feeding crops to withstand drought better than the crop alone
6. As companion crops they enable our
domesticated plants to get their roots to otherwise
7. Weeds store up minerals and nutrients
that would be washed, blown or leached away from bare ground
and keep them readily available.
8. Weeds make good eating -- for man as
well as for livestock. The publisher can vouch for the
superiority of lamb's quarter -- a favorite of the author --
over any other domestic form of spinach or cooked greens.
With especial reference
to that of India
G.T. Wrench, M.D. (Lond.)
The Wheel of Health, The Mastery of Life, The
Causes of Peace and War
London. The C. W. Daniel Company Ltd.
Forty Great Russell Street, W.C.1
Published in 1939
Contents Table of Contents
Sunflower Seed Huller and Oil Press -- by Jeff Cox (from
Organic Gardening, April 1979, Rodale Press): Vegetable oils
used to be one of those items you just HAD to buy. Now here's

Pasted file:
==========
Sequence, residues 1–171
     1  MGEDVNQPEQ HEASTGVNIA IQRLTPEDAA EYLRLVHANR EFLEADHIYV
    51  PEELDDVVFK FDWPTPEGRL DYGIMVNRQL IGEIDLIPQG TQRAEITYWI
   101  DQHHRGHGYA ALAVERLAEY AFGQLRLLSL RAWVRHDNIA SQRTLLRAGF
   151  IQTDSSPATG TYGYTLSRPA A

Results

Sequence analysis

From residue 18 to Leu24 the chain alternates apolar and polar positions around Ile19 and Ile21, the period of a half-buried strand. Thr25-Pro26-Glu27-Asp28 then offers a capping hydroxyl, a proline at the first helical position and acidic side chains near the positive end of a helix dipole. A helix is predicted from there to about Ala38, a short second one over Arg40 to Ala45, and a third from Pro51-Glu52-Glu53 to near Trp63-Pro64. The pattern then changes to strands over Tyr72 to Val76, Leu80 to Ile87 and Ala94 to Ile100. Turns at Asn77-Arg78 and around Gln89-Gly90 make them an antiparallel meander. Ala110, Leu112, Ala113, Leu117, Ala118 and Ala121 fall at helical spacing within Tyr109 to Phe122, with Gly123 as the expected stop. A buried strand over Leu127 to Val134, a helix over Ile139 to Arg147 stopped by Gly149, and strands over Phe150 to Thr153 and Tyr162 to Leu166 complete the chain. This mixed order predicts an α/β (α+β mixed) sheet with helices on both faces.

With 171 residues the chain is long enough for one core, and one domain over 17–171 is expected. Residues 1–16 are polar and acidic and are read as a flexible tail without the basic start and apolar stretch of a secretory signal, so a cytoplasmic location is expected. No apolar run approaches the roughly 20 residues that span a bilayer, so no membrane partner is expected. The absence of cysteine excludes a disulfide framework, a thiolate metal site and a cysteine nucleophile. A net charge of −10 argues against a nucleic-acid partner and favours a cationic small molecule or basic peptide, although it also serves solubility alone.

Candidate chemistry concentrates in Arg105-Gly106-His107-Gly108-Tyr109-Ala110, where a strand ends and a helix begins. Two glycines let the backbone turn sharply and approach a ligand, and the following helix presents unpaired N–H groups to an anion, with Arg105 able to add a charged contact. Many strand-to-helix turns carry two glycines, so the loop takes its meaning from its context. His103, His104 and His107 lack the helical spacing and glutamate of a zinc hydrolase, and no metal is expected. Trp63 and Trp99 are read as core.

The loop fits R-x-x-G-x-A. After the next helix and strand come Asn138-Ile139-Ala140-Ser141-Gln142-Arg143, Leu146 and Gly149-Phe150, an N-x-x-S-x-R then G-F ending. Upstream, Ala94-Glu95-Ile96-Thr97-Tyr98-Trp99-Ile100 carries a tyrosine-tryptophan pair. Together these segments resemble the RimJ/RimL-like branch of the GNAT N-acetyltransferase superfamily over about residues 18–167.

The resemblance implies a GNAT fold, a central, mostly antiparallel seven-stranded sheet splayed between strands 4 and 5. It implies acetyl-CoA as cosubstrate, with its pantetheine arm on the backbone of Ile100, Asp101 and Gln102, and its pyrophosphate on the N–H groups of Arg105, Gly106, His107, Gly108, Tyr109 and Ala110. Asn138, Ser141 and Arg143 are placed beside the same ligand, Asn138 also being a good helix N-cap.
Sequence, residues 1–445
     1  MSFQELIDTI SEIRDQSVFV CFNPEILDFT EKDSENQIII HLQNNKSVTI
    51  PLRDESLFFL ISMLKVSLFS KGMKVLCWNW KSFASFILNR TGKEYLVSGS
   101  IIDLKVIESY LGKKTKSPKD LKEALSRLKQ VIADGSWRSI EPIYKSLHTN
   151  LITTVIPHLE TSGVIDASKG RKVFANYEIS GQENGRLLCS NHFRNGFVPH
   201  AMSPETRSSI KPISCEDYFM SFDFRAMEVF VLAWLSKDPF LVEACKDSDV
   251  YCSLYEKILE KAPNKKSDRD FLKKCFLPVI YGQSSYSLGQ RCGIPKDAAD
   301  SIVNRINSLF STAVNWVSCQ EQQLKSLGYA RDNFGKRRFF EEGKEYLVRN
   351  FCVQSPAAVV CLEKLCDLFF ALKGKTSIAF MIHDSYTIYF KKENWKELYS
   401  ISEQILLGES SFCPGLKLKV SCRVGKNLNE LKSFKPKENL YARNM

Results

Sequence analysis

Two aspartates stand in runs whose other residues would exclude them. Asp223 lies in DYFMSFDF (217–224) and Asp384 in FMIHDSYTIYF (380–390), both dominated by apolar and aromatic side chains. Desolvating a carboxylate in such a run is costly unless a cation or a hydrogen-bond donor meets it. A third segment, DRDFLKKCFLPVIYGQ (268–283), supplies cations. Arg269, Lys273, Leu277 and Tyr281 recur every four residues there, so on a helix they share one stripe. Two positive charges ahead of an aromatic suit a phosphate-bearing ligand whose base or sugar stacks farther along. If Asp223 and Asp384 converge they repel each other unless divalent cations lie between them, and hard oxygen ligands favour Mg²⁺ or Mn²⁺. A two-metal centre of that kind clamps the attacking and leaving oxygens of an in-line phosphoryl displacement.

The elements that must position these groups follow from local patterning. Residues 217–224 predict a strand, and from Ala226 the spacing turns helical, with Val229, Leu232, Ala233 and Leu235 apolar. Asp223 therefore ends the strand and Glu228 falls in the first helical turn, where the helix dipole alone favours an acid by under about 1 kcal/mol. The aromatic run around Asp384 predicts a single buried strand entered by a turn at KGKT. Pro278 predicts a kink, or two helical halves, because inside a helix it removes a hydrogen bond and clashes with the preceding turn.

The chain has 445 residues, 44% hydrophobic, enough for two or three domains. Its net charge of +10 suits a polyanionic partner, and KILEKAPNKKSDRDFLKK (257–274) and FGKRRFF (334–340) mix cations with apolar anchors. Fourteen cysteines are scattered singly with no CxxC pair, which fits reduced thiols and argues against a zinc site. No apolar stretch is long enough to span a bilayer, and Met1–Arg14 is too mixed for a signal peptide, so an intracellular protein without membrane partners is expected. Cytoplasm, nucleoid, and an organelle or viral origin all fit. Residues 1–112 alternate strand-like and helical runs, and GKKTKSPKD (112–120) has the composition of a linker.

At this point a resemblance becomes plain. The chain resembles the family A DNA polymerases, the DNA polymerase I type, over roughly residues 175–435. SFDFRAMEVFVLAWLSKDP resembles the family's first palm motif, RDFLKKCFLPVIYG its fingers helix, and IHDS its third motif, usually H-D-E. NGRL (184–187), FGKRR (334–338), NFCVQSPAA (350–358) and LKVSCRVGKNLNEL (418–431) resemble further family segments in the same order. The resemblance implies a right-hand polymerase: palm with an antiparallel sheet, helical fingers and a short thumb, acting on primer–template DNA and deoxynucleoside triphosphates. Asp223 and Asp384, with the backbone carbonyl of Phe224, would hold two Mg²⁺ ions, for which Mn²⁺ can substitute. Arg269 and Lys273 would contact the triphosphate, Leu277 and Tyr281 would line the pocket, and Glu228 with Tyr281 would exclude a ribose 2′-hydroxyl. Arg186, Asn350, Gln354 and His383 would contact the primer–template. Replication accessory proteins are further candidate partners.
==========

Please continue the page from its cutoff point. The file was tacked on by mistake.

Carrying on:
how to make your own. In 2,500 square feet, a family of four can
grow each year enough sunflower seed to produce three gallons of
homemade vegetable oil suitable for salads or cooking and 20
pounds of nutritious, dehulled seed -- with enough broken seeds
left over to feed a winter's worth of birds.
C.C. Fifty Years Among the Bees. Medina, Ohio: A. I. ROOT COMPANY, 1911.
One hundred eleven
photographic figures; fifty years of experience; 4.3 mb;
downloads as single .pdf document. This book has long been a
classic among beekeepers. Thanks to Lee Larson of Portland,
Oregon for the lend of this book. PUBLIC DOMAIN
catfish in a barrel
-- A biological
food chain in the back yard produces fresh fish for the table and
compost for the garden, by Philip and Joyce Mahan, from Organic
Gardening and Farming, November, 1973.
Gene. Getting Food From Water: A guide to
Backyard Aquaculture. Emmaus, P.A.: Rodale Press, 1978.
A thorough look at the potentials
and practices of raising food in ponds, rivers, streams, lakes
and seaside homesteads. The book shines when discussing areas
that Logsdon knows intimately; in other areas it is a bit more
of a report and summary of information assembled by Rodale's
editors. Lavishly, perhaps "extravagantly" illustrated with
photos and drawings. The ones that Rodale included more for
decoration than to communicate information have not been
reproduced in this copy. Also not included are the extensive
appendices, listing sources from which to purchase supplies.
Still, even with all these reductions, this book remains a
large download, a PDF of 4.1 mb. Total time to scan, ocr and